The out-of-work truck driver in Myvatn told us yesterday that all day men call in to the radio station all day say who is the sexiest woman in Iceland. Well I'd like to nominate myself because last night, a hopping Saturday night in Skagastrond as I am sure you can all imagine, I wore perhaps the sexiest outfit possible over to Lára's house (my new Icelandic historian friend) for a drink. My outfit consisted of a flannel shirt, snow boots and sweat pants and not a single ounce of makeup. Needless to say, it was hot. I got caught up in my work before going over and all of a sudden it was time to leave. I had been in my flannel shirt and fleece-lined spandex pants all day, and the thought of changing seemed far too daunting so I thought "sweatpants go nicely over spandex, perfect" and as JeeHee pointed out, when I came home at 2am a little drunk and in my sweatpants, telling her about the delicious dessert Lára had served me and which I graciously consumed despite the other pastries JeeHee and I had at the bakery earlier in the day, they give you lots more room to eat. Word, JeeHee, I'm still rockin' my sweatpants now. **Generalization warning** JeeHee is asian, as if I hadn't made that clear enough by now, so she could eat 6 pounds of butter and it would never show, so the jokes we make together about getting fat in Iceland don't actually apply to her. But I really appreciate having someone who likes to eat sweets just as much as me, and who in a healthy way likes to kid around about how gross it is how much crap we are eating, but ultimately, like myself, doesn't actually give a shit because of how happy we are in the moment when we are cramming a chocolate covered, creme filled unpronounceable Icelandic pastry in our mouths knowing very well we would never glut like this in our respective home countries (ok sometimes.) Yet another reason why I am completely in love with her.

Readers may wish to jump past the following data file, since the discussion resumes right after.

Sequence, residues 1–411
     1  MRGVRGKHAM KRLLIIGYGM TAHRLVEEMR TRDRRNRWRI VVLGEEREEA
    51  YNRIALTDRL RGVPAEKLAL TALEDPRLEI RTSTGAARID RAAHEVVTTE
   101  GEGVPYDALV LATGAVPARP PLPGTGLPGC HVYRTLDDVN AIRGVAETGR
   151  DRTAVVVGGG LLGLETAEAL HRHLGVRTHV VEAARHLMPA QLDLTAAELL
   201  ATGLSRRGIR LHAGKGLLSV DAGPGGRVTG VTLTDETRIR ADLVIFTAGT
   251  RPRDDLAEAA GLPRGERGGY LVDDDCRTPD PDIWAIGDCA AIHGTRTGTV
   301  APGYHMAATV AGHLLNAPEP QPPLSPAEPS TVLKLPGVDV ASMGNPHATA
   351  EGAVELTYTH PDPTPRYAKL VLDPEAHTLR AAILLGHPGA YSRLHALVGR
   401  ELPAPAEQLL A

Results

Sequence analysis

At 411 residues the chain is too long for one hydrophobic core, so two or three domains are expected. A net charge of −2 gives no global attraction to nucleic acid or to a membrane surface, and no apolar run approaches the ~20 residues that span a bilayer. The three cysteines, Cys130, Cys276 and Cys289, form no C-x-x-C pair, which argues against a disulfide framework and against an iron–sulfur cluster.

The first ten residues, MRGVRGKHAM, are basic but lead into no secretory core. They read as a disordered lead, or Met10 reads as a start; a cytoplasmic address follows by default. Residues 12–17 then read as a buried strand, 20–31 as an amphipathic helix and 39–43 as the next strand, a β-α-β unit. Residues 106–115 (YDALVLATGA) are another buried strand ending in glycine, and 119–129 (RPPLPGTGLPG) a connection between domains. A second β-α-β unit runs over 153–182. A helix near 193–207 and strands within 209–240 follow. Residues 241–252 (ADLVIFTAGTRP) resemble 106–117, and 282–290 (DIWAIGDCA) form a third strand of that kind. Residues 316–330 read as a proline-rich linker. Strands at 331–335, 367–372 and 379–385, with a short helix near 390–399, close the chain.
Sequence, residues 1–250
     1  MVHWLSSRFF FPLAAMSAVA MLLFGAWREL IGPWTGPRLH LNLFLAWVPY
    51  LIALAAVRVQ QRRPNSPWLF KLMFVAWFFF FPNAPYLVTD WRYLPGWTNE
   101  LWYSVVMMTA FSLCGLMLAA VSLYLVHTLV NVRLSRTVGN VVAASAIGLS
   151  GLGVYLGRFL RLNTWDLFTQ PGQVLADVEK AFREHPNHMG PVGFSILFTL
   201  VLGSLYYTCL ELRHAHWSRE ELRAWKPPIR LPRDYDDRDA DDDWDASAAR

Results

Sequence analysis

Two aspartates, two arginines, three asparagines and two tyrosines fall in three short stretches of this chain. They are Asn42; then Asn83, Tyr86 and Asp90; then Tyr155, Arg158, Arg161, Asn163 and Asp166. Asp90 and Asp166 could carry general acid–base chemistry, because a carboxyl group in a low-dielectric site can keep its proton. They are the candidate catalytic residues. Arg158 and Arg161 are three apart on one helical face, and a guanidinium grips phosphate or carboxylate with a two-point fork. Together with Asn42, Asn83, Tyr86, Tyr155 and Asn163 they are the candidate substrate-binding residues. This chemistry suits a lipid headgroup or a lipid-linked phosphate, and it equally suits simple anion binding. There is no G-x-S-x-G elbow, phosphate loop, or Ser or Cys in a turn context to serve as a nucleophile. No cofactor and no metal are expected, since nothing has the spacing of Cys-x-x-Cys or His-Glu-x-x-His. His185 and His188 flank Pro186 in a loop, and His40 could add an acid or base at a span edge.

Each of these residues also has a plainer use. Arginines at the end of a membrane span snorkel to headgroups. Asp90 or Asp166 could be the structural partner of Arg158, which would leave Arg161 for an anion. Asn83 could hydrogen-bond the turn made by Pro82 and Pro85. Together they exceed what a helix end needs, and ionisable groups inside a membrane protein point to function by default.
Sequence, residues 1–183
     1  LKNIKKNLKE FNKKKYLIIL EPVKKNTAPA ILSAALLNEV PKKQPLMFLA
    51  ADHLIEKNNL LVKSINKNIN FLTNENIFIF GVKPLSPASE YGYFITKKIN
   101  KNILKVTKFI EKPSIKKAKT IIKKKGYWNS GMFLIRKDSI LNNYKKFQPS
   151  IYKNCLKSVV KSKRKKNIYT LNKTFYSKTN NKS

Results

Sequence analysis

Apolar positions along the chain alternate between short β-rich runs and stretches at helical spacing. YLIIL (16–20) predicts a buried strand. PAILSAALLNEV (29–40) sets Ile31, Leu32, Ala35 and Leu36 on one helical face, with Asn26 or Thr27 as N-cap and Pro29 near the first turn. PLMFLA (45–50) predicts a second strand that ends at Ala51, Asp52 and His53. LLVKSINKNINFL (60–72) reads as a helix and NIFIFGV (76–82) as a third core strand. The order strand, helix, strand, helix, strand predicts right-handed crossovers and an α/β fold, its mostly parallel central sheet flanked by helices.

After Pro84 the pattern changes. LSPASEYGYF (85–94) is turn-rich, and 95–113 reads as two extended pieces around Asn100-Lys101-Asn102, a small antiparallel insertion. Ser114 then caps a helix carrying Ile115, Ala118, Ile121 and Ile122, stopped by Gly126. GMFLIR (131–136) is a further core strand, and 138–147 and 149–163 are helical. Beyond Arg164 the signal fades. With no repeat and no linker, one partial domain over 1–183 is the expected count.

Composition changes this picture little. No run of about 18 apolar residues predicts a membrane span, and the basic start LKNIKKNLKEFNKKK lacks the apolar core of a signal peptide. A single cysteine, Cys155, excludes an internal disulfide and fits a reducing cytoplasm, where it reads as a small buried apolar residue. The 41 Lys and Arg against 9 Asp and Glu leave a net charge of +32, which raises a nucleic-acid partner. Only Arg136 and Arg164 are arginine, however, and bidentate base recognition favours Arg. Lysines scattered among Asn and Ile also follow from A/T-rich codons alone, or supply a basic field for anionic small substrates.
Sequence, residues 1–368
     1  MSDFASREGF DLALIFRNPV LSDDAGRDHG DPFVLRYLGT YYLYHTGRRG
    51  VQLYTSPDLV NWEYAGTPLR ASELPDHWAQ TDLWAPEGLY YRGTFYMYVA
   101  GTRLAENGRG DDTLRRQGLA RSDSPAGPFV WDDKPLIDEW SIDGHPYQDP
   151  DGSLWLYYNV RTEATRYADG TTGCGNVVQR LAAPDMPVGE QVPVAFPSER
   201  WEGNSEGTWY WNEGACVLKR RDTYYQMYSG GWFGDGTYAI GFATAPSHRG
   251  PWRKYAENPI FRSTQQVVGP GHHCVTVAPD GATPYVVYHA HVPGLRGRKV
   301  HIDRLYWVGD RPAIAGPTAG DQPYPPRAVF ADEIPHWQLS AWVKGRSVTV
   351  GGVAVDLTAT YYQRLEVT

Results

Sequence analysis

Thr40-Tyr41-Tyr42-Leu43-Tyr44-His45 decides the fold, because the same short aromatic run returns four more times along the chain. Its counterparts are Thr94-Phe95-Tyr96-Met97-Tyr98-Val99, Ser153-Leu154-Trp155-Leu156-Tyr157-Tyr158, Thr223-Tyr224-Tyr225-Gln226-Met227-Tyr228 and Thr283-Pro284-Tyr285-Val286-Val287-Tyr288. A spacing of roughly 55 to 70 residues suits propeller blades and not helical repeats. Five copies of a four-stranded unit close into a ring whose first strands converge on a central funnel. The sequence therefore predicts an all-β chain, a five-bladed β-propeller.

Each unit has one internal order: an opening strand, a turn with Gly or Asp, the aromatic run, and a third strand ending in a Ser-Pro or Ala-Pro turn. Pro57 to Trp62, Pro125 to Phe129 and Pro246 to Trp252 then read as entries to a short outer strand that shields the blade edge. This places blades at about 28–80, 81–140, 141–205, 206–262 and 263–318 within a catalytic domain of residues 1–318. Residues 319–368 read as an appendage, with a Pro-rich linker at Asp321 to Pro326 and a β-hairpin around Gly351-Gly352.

Its so nice being here, and not getting dressed at all during the day, and more or less looking like a warmly dressed homeless person at all times. I'm not sure I am going to fit into my skinny jeans when I get back to the city so sweatpants might be my new uniform for the weeks ahead.